OSAKA, Japan (AP) -- Helping developing nations fight global warming and sharing views on towering oil and food prices were among the topics on hand at a Group of Eight finance ministers' meeting opening Friday.
The two-day meeting also will address other global worries, including help for Africa and possibly worries about gyrating currency rates, according to Japanese Finance Minister Fukushiro Nukaga, the host of the meeting.
Nukaga was scheduled to meet U.S. Treasury Secretary Henry Paulson and International Monetary Fund Managing Director Dominique Strauss-Kahn on the sidelines of the G-8 meeting Friday.
Later in the day, he was expected to appear with a U.S. official to outline an initiative for Climate Investment Funds being administered by the World Bank to help developing nations battle global warming, according to the Japanese government.
Nukaga told reporters Friday ahead of the G-8 that he planned to discuss "various economic issues" with Paulson, including possibly exchange rates.
The dollar has recently recovered to about 108 yen. But that came only after Paulson warned this week that he isn't ruling out intervention to stabilize the currency, and U.S. Federal Reserve Chairman Ben Bernanke suggested the Fed is prepared to raise rates to fight inflation.
Dollar weakness has in part pushed up oil prices as some traders invest in oil as a hedge against inflation and a slumping greenback. A declining dollar can also erode the value of exports from Japan and Europe to the U.S. when earnings are repatriated.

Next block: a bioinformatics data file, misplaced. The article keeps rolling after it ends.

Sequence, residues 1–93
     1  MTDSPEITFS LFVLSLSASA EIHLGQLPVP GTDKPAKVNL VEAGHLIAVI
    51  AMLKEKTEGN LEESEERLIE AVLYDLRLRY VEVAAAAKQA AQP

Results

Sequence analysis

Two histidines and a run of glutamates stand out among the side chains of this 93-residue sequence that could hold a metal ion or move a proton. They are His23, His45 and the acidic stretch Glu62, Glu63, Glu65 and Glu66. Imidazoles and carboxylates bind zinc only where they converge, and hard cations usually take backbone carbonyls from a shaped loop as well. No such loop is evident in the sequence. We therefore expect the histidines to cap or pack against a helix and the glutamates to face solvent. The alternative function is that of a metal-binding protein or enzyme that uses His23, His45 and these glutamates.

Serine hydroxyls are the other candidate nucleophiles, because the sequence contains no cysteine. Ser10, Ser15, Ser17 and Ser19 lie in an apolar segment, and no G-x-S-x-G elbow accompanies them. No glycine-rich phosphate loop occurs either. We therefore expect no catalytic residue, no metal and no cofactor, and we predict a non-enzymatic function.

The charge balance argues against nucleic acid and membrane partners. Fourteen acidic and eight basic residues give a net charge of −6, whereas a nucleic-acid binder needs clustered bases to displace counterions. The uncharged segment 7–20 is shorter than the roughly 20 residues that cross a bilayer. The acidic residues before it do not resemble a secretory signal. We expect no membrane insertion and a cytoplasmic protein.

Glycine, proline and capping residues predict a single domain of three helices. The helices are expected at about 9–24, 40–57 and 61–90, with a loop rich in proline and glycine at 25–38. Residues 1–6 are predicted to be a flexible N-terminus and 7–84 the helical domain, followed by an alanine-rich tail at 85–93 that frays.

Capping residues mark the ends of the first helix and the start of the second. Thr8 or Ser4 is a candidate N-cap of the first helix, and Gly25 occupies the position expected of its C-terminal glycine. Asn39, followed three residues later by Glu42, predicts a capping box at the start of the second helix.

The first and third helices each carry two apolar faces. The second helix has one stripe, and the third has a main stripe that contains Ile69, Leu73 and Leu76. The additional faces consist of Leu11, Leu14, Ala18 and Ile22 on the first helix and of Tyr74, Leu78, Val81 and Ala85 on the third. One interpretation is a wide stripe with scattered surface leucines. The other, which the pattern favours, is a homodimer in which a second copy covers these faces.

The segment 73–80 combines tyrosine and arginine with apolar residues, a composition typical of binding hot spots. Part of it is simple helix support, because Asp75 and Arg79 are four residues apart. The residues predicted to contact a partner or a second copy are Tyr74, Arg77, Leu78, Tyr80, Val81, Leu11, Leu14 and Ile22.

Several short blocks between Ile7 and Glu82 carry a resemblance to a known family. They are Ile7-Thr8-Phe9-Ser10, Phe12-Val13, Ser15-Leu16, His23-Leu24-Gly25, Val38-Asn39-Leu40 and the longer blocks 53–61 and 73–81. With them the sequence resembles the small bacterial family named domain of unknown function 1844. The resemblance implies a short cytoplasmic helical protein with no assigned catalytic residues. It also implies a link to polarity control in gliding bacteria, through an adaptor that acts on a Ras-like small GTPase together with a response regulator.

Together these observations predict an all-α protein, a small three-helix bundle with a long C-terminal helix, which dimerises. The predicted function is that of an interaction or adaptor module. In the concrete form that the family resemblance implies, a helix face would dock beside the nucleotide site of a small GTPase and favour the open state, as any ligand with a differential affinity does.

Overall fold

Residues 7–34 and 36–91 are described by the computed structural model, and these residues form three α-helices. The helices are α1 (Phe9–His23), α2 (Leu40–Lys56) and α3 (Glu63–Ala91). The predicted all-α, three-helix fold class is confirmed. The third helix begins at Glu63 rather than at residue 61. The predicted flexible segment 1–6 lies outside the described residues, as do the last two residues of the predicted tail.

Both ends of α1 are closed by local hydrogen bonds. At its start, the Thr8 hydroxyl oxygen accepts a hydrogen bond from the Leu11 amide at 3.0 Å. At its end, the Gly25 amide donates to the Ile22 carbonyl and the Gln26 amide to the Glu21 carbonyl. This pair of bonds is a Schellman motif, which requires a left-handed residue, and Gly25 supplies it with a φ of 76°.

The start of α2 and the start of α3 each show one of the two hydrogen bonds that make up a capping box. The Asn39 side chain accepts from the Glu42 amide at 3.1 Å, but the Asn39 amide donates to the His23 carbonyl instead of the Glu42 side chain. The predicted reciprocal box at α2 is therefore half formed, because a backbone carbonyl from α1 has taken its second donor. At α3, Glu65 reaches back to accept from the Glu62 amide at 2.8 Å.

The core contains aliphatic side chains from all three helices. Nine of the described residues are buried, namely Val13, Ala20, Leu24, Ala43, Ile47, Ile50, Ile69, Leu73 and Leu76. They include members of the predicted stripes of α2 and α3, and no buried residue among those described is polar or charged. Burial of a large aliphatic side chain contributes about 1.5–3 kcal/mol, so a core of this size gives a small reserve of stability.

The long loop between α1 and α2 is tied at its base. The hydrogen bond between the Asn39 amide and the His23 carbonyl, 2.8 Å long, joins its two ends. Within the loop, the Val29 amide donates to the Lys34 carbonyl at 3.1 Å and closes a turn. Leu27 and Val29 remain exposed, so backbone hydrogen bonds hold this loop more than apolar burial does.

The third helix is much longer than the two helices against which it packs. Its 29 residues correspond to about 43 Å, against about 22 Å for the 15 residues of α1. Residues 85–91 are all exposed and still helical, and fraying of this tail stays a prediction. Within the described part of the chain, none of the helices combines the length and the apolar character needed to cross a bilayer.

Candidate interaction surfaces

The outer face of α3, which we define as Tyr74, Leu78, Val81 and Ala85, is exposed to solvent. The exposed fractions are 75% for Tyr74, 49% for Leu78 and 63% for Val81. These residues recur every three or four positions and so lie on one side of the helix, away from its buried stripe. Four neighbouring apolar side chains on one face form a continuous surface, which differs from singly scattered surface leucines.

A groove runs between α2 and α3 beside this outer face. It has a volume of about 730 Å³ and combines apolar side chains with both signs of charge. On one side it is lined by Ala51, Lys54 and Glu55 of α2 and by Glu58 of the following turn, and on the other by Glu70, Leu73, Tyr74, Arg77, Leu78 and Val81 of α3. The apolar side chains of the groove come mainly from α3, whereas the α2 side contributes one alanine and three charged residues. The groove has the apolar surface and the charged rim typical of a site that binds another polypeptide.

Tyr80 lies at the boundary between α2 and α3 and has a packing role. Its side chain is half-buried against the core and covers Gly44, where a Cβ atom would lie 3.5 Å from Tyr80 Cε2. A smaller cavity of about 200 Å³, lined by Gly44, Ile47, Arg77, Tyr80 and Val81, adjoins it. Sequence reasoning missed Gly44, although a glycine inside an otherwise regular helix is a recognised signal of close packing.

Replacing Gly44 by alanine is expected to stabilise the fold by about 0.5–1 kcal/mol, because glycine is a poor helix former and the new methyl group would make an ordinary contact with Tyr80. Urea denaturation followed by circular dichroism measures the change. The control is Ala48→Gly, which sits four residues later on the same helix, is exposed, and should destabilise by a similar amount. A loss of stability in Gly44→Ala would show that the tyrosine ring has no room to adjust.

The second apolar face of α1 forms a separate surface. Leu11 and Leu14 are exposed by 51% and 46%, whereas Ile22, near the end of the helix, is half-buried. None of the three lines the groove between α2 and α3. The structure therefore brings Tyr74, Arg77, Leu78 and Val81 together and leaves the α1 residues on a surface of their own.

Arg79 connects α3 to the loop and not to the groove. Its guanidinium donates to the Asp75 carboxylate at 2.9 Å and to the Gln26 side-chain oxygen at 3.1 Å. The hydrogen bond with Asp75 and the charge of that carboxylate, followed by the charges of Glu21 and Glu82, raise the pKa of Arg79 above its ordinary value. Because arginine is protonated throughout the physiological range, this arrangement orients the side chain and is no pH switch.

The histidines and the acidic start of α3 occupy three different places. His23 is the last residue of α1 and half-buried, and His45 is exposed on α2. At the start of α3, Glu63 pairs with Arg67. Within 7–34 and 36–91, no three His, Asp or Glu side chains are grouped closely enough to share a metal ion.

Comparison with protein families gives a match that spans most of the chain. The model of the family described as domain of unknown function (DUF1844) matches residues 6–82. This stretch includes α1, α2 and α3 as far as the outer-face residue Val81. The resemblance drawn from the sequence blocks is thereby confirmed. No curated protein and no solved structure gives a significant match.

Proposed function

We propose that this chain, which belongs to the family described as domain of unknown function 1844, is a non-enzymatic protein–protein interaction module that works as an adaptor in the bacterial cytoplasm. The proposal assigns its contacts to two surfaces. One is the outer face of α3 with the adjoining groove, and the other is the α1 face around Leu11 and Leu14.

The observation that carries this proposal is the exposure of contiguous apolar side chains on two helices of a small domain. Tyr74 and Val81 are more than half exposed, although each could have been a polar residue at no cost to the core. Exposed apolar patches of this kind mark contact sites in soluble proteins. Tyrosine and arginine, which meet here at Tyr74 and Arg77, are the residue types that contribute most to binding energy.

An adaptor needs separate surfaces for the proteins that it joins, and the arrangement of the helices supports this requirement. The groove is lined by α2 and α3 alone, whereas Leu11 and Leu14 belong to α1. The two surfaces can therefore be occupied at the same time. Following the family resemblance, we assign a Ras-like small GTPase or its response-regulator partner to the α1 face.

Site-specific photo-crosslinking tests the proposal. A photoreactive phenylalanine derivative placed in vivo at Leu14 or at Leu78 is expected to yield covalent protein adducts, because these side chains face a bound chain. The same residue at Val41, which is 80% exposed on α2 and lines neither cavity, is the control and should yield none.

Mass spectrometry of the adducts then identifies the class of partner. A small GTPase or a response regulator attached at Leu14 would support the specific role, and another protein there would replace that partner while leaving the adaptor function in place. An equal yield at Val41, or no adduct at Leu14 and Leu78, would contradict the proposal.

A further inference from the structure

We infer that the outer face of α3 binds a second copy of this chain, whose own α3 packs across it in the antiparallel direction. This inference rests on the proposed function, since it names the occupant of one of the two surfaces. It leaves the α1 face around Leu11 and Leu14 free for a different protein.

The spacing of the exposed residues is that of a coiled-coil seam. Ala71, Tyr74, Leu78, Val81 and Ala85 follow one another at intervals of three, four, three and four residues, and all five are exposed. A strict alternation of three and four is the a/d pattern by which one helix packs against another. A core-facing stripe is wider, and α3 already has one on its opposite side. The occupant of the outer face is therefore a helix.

The G-8 session - bringing together finance ministers from the U.S., Japan, Russia, Germany, France, Britain, Italy and Canada - is one of several ministerial meetings leading up to the July 7-9 summit in the northern island of Hokkaido.
G-8 finance ministers are having dinner with their counterparts and other officials from Australia, Brazil, China, South Korea, South Africa and Thailand to weigh the impact of surging oil and food prices on the global economy, the Ministry of Finance said.
Oil spiked to nearly $140 a barrel last week, and several Asian countries, including India, Indonesia and Malaysia, have cut fuel subsidies, raising retail prices for millions of consumers.
The world is also grappling with an emerging food crisis as prices of corn, wheat, rice, soybeans and other agriculture products have been spiraling higher. The gains are due to a mixture of factors including high oil prices, changing diets, urbanization, expanding populations, extreme weather, growth in biofuel production and speculation.
The food price hikes have set off riots and protests from Africa to Asia and raised fears about a global food crisis that could cause millions more people to suffer malnutrition.
Japanese Economy Minister Hiroko Ota expressed worries about the U.S. economy and said she hoped that the G-8 participants will be able to work together to stabilize tumultuous financial markets.
She said the tax rebates recently sent to 130 million American households should help the health of the U.S. economy, but still sent a cautionary note.
"It is necessary to keep a close watch," she told reporters.